For a series that often shape-shifted between genres, playing like a straightforward crime procedural in its first couple episodes before transforming into a more head-scratching fantasy mystery for a stretch and ending as an action horror-thriller, the last episode was pretty evenly split between two sections. There was the cave half, which was explosive and scary, and the aftermath, which was more somber and reflective. Having eliminated El Cuco, Ralph and Holly returned to Atlanta and began the difficult work of assembling a cover-up story that will clear the late Terry Maitland (Jason Bateman) and bring peace to his grieving family. The details of the plan were confusing and a little too vague -- for example, what happened to the other people who were wrongfully convicted of crimes by El Cuco? -- but the emotional grace notes of the finale made up for some occasionally muddled storytelling choices.
The last scene between Ralph and Holly was a great example of what makes this show special and worth sticking with through a few ponderous episodes in the middle. Erivo and Mendelsohn, two performers with different skill sets and temperaments as actors, discovered such a casual, unforced Mulder-and-Scully-like chemistry over the course of the show. "You know I wouldn't mind teaming up again, the opportunity ever arose," mumbled Ralph in Mendelsohn's signature croak in the finale. "I mean, preferably on something simple, like a gangland triple homicide." A lovely, gentle moment in an often brooding series.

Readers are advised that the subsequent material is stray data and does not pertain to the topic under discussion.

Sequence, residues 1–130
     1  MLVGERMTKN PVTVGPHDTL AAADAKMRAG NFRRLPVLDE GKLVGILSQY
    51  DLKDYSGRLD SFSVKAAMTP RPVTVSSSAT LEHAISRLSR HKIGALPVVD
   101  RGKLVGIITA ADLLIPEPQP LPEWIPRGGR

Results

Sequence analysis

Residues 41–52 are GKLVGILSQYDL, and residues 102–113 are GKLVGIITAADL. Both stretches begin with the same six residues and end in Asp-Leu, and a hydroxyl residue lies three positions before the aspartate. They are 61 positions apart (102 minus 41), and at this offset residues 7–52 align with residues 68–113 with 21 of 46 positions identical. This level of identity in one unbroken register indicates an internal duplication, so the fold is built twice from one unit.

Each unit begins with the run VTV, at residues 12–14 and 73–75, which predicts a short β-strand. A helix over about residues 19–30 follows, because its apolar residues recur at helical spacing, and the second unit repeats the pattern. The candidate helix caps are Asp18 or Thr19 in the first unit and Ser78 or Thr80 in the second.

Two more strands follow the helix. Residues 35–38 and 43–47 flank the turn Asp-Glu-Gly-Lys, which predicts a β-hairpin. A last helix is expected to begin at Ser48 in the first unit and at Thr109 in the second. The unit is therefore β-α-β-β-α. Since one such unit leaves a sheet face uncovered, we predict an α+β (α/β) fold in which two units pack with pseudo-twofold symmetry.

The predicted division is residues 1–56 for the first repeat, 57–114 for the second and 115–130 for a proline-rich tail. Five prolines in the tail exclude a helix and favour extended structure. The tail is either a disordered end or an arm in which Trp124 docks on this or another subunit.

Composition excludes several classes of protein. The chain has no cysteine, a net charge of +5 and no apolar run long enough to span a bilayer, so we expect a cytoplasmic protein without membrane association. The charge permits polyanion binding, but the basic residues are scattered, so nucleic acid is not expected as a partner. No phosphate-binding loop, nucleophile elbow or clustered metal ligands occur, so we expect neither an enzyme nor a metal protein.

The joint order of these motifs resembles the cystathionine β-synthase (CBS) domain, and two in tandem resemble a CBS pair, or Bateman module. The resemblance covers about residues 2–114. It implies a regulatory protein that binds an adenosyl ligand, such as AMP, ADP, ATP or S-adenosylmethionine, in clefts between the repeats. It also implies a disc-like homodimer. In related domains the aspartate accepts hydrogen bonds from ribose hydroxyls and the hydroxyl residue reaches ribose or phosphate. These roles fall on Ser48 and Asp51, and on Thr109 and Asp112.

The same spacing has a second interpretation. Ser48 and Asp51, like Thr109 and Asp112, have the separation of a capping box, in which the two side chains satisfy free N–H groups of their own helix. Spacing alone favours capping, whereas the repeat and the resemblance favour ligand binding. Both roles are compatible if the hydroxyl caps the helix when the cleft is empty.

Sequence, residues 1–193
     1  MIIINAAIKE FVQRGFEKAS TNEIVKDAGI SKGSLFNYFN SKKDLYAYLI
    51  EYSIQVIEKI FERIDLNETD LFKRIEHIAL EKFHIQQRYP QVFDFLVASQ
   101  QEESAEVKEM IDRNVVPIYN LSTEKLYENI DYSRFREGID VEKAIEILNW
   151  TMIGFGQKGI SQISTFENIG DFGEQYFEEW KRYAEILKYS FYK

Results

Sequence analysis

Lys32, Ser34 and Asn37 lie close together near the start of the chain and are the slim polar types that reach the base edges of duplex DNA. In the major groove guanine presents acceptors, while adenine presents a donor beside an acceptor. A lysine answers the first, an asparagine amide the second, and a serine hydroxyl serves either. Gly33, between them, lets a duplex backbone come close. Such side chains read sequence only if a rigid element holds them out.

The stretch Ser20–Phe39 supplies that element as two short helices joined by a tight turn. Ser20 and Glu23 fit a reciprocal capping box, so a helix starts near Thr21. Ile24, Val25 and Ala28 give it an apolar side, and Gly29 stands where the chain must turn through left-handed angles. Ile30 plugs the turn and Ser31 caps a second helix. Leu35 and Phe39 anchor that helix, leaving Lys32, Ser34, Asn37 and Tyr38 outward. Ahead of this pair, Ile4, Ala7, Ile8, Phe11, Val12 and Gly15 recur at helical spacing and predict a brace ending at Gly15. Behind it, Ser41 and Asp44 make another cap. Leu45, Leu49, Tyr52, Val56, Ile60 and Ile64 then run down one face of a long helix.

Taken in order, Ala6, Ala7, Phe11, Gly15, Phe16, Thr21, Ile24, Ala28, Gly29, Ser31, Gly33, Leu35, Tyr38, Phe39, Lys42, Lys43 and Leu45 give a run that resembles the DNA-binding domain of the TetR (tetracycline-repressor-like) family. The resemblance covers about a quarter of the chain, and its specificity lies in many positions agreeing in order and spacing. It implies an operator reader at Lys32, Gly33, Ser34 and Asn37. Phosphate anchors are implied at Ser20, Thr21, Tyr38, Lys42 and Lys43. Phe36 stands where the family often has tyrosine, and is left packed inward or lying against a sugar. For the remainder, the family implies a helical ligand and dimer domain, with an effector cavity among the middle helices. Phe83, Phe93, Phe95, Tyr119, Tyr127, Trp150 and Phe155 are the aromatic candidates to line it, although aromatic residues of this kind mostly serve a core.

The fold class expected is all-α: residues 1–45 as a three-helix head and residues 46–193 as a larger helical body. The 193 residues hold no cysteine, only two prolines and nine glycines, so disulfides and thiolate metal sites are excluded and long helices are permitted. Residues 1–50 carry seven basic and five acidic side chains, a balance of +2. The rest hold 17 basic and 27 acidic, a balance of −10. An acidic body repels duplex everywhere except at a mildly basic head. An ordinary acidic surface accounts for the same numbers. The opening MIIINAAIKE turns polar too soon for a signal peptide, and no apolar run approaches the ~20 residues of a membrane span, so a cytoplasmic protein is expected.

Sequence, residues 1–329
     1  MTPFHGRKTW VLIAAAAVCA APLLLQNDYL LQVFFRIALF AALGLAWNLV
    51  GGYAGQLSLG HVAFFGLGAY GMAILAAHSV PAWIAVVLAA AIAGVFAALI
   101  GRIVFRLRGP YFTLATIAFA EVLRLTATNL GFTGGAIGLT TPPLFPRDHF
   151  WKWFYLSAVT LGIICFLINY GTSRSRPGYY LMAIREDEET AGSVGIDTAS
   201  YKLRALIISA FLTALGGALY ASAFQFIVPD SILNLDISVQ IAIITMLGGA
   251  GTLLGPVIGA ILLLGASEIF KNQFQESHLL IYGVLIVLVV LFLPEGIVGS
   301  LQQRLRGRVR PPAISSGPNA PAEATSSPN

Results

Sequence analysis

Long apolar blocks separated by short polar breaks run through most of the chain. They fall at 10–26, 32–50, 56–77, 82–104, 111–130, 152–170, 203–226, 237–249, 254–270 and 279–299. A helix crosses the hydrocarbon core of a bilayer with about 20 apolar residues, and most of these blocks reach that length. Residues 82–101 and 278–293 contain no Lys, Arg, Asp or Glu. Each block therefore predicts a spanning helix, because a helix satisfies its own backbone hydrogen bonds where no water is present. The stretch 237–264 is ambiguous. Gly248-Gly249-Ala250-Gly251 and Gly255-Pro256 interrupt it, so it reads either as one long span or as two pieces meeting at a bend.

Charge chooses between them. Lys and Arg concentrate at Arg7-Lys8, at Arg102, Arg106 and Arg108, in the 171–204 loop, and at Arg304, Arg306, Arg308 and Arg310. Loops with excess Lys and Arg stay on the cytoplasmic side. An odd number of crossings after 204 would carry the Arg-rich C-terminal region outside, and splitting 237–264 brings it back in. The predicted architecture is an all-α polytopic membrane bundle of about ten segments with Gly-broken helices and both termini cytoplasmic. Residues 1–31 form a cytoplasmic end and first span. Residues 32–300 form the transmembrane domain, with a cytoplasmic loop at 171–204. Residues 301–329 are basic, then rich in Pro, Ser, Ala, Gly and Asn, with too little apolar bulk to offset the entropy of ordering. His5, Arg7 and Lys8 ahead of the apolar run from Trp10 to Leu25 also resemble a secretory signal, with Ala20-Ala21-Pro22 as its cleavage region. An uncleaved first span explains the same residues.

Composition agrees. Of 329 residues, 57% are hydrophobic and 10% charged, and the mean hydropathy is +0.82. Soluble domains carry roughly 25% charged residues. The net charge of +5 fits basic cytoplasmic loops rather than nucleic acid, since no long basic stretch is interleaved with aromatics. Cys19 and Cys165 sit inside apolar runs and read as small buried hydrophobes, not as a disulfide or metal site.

Similarly, the final exchange between Ralph and his wife Jeannie, played with soft-spoken restraint by Mare Winningham, was the perfect alchemy of King's spiritually minded sentimental side and Price's carefully attuned, much-celebrated ear for dialogue. As the two looked at the grave of their son, Ralph talks about how a visit from his dead child's ghost had "cracked the world open" for him. Moved by Ralph's vulnerability, Jeannie observes that maybe, years from now, they'll both die and be reunited with their boy in the afterlife. "We'll just go visit him," she says. It was an incredibly moving scene, performed with real subtlety and tender humor.
I was less sold on the mid-credits stinger that was slipped in at the end, where Holly was visited by the ghost of Jack and checked her neck for signs of a mark from El Cuco. Eagle-eyed viewers noticed a scratch on Holly's arm in the final scene, suggesting she's already under the demon's sway, and her "Who's Terry?" question to Ralph towards the end of the episode will likely inspire a thousand theories. Is she losing chunks of her memory? Was it an awkward attempt at humor? Perhaps the melee in the cave caused some sinister split in reality?
King has already indicated that he'd like to write more novels with Holly Gibney at the center, and the ending of The Outsider's first season suggested we'll likely see these characters again. (Before the publication of The Outsider in 2018, the character was first introduced in 2014's Mr. Mercedes, the first book in King's Bill Hodges trilogy of hard-boiled mystery novels.) There are multiple threads left to untangle; new mysteries to solve. As the season ended and "Washington Square" by the Village Stompers played on Holly's radio, echoing a story Ralph told about the death of his mother and the birth of his son, the show opened up even more potential pathways to follow. You get the feeling we're only beginning to know these outsiders.